Media outlets grant White House official anonymity to make dishonest attack on Obama

A new low, even for Trump.

CREDIT: AP Photo/Susan Walsh
CREDIT: AP Photo/Susan Walsh

During a press conference on Monday, President Trump accused President Obama of failing to call the families of some soldiers who had died in the line of duty. Trump’s comments were misleading and inaccurate, and when he was pressed about them later in the news conference, he tried to backtrack.

“I don’t know if he did,” he said, trying to reverse his earlier comment. “I was told [Obama] didn’t often, and a lot of presidents don’t. They write letters.”

As Trump’s comments about Obama’s interactions with the families of dead soldiers continued to be criticized on Tuesday, the White House shifted gears, using quotes from unnamed officials in an attempt to deflect the heat back onto Obama. Multiple outlets ran with the unattributed quotes.

NBC, the AP, and Axios — among other outlets — reported that a “White House official” told them Obama hadn’t called Gen. John Kelly, who now serves as Trump’s chief of staff, after his son was killed in Afghanistan in 2010.

The AP added that the anonymous White House official “did not immediately respond to questions about whether the former president reached out in some other fashion.” Axios added similar context.

While the White House didn’t disclose exactly which official was smearing Obama, Steven Perlberg of BuzzFeed later reported that Press Secretary Sarah Huckabee Sanders was one of the officials confirming on background that Obama hadn’t called Kelly.

The White House’s attack on Obama came hours after Trump attempted to politicize the death of Kelly’s son during a radio interview with Fox News’ Brian Kilmeade.

While attempting to defend the comments he made during the press conference on Monday, Trump told Kilmeade, “You could ask General Kelly — did he get a call from Obama?”

On Tuesday afternoon, The Daily Beast reported that “senior White House officials signed off on this specific line of attack as legitimate communications strategy,” though officials they spoke with wouldn’t confirm if Kelly was alright with it.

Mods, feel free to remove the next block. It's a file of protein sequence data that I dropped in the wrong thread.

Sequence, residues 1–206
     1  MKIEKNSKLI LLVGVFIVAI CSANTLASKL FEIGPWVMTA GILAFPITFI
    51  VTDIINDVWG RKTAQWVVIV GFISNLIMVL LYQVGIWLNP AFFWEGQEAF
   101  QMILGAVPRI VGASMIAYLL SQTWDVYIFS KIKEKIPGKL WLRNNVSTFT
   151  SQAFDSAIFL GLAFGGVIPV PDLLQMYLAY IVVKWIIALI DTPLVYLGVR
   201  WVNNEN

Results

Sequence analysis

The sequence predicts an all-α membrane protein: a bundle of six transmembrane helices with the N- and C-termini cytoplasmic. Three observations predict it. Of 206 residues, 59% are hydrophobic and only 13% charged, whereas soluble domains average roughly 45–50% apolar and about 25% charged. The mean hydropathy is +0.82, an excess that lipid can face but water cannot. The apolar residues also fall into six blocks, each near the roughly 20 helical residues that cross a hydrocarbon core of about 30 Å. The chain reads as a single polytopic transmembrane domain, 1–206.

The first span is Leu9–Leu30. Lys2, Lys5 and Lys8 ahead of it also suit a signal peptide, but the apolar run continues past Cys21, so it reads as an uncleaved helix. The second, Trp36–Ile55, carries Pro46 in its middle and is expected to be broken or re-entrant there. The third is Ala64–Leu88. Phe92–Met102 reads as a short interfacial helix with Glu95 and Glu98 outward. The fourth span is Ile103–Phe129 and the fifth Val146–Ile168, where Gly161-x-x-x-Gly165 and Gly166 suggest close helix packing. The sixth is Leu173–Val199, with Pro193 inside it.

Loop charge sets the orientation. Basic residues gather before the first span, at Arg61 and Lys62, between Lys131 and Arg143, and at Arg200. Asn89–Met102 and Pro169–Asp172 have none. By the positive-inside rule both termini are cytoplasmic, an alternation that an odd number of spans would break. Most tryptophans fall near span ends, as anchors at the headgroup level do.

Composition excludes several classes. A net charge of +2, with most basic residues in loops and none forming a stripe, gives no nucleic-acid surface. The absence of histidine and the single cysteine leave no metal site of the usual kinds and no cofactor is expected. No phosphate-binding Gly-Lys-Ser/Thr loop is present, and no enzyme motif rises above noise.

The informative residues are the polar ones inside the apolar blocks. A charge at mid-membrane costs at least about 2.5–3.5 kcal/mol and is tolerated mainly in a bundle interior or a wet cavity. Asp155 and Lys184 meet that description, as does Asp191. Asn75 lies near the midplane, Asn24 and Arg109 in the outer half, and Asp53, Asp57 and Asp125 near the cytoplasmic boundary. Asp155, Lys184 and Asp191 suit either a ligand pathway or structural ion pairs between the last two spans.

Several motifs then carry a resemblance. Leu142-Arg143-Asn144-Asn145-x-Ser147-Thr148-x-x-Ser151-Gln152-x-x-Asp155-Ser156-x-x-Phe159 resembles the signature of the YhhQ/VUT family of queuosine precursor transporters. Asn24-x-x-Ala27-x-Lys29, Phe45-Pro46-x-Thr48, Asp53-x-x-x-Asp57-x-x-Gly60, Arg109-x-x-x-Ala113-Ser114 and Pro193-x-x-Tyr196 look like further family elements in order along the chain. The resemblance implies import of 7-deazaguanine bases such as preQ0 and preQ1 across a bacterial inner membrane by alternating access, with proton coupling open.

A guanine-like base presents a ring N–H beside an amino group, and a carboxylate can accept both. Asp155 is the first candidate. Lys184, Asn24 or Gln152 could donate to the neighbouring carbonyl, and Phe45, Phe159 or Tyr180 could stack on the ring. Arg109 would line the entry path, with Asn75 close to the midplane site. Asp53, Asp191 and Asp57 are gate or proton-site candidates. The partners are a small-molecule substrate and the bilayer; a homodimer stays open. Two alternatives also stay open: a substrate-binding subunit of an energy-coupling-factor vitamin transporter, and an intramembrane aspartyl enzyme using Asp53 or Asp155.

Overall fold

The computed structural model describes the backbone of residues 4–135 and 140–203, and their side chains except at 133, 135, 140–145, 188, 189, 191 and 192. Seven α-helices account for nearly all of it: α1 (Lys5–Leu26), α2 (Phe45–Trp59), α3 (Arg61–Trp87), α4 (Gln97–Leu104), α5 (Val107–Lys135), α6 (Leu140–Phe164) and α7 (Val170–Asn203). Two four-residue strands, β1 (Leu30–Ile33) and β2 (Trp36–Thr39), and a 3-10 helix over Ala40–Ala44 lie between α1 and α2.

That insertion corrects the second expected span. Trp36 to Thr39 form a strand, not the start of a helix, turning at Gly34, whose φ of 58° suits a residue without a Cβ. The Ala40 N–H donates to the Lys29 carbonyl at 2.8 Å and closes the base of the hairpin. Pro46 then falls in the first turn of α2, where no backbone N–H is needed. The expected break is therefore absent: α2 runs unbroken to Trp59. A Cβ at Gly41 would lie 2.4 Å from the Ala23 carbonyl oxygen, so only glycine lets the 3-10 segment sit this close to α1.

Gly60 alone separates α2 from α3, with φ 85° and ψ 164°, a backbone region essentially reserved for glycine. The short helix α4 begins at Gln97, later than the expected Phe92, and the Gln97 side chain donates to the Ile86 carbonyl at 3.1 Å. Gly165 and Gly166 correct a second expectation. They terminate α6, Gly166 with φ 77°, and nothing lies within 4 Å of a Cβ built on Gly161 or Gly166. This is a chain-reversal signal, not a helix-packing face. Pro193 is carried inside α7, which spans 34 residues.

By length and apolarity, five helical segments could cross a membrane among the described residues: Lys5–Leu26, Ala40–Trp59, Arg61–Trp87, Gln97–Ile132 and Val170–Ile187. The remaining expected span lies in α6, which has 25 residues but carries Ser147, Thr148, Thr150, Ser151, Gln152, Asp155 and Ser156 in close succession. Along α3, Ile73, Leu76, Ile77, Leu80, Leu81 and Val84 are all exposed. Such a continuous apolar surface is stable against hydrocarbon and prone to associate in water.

While the Trump administration enlisted media outlets in its attempt to convince the public that Obama had disrespected Kelly following his son’s death, a person familiar with the situation told reporters on Tuesday that Kelly and his wife sat at First Lady Michelle Obama’s table during a White House breakfast honoring Gold Star Families in 2011.

A year later, Kelly attended a White House dinner hosted by the Obamas that honored “those who served in Operation Iraqi Freedom and Operation New Dawn,” according to NBC.

The specifics regarding the Kellys aside, Trump’s attack on Obama for supposedly disrespecting a Gold Star family is rich, given his own attacks on a Gold Star family during the presidential campaign.

During the 2016 Democratic convention, Khizr Khan, father of Muslim U.S. Army Captain Humayun Khan, who died in Iraq while trying to protect his men during an attack, denounced Trump’s Islamophobic stances, and asked whether Trump had “even read the United States Constitution.”

“I will gladly lend you my copy,” Khan said, pulling a pocket-size copy of the Constitution from his jacket. “In the document, look for the words ‘liberty’ and ‘equal protection of law.’”

In response, Trump attacked the Khan family. During an interview with ABC, Trump suggested Khan’s wife remained silent at the DNC because the Muslim faith prohibited her from speaking. He also claimed that Khan was just repeating the words of “Hillary’s speechwriters.”

Trump then claimed that he too had “sacrificed” because he had “created thousands of jobs” and contributed to veterans charities.

In a statement released Tuesday, the Khan family called Trump’s latest behavior “unbecoming.”

“[O]ne more time he has shown the nation [he is] undeserving of the leadership of our great nation,” they wrote.

While Trump was willing to use anonymous sources in an attempt to smear Obama, he’s repeatedly criticized their use when they appear in stories critical of him.

During a White House event last week, Trump accused mainstream media outlets of simply making up sources, saying, “When they make up stories like that, that’s just made up, and the generals will tell you that. And then they have their sources that don’t exist, in my opinion they don’t exist. They make up the sources. There are no sources.”